Translated with www.DeepL.com/Translator (free version)

 

 

I think you should contact your liabilty insurance and they will assess how much they will pay, how much you might have to pay and also how much the landlord should pay. The life span of the parquet also plays a role. Best also to join a Mieterverein if you haven't already. 

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1 hour ago, lunaCH said:

How visible is the damage? When are you moving out?

It is severe... sigh. 

We will hand over our key on 30 NOV. 

 

 

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19 minutes ago, bramble said:

Here's a useful link: https://www.mietrechtslexikon.de/a1lexikon2/p1/parkett.htm#Schaeden_am_Parkett_oder_Laminat
 

 

I think you should contact your liabilty insurance and they will assess how much they will pay, how much you might have to pay and also how much the landlord should pay. The life span of the parquet also plays a role. Best also to join a Mieterverein if you haven't already. 

 

 

Thank you so much for your link and info. 

 

Sigh... T.T... 

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I hope you don't mind if I use your topic for my concerns. I'm wondering how is standard wear and tear interpreted, I'm not moving out yet but my floor worries me. I'm not even sure what kind of floor this is, some kind of poor quality, not sealed wooden panels and many spots that are often used are becoming lighter and lighter, even when I wipe the floor with a damp cloth, I see the colour of panels on the cloth. First I thought that it's just cheapest floor in the market but when the information about rent cap came, it was described as high quality flooring so now I'm worried even more.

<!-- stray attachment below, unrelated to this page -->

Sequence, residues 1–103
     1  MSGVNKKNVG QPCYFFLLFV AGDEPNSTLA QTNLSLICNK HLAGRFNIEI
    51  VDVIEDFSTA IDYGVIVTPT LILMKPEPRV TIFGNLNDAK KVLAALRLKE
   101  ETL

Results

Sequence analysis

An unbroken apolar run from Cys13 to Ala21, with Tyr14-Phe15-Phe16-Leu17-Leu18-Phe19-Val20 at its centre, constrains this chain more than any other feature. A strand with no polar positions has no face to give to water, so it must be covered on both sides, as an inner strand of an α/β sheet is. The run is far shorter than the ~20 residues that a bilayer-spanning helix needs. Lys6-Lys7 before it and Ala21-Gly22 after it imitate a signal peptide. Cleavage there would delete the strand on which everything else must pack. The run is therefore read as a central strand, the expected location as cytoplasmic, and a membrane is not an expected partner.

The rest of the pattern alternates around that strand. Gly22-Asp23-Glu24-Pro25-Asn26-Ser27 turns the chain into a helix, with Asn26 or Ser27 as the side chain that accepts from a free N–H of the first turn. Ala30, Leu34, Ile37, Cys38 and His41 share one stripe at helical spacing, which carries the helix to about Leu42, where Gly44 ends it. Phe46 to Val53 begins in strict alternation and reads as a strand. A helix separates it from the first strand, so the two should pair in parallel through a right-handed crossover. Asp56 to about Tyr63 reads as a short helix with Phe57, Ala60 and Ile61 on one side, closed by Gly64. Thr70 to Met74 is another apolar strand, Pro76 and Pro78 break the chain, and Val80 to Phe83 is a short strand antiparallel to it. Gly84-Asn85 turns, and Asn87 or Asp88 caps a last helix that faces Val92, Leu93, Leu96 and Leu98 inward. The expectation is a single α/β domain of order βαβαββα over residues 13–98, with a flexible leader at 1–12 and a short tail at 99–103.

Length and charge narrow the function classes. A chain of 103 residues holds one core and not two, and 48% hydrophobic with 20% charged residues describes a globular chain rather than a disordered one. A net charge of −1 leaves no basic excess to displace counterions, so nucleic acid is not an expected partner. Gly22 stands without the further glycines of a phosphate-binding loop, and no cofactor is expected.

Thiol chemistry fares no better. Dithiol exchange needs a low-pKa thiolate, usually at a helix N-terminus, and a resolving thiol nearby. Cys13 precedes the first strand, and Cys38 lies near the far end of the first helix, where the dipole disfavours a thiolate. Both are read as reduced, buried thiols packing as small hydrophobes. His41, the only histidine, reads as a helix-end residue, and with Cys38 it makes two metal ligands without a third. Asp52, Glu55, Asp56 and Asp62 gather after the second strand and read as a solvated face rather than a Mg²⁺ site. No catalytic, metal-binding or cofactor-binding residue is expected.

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2 hours ago, marcinv said:

... spots that are often used are becoming lighter and lighter, even when I wipe the floor with a damp cloth, I see the colour of panels on the cloth.

Take photographs of the cloth for future reference! High quality... hmm...:lol:

 

Now you can prove you did not use that aggressive cleaner, can't you?

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17 hours ago, optimista said:

Now you can prove you did not use that aggressive cleaner, can't you?


Does water count as aggressive cleaner? :lol: That's all it takes. Well I can't prove anything I guess, not even that I'm not wearing slippers with soles made of sandpaper.

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If you are a lawyer, cannot be xcluded... depends on the pH of the water... (I worked with them for a decade... and have seen that kind of argument...)

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Hold on, there are two completely independent issues being mixed here:

1) Is the damage to the floor covered by wear and tear or is there some damage that the landlord does not have to accept? Sounds like the latter to me.

2) Does your insurance cover the damage that you caused? I believe the answer should be yes, because gross negligence - in my humble opinion - would be to place the sofa on some sharp metal contraption to raise the height or something like this. Just placing an unmodified sofa on the floor should be just negligence. Chances are, though, that the insurance will initially refuse and you have to fight for your right.